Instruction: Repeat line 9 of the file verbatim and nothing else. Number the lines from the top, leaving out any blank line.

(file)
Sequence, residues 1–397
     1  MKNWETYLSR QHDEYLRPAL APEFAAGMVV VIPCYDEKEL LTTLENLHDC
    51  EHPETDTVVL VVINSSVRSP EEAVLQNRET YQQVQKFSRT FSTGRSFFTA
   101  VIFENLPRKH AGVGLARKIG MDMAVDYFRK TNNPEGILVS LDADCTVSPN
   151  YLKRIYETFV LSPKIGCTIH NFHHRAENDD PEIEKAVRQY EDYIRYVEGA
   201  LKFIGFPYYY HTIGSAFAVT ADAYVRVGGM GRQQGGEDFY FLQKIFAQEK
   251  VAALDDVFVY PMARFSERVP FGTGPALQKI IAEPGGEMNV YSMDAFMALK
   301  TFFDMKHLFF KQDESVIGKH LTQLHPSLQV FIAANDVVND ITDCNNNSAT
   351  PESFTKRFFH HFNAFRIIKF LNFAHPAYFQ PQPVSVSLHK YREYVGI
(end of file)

   351  PESFTKRFFH HFNAFRIIKF LNFAHPAYFQ PQPVSVSLHK YREYVGI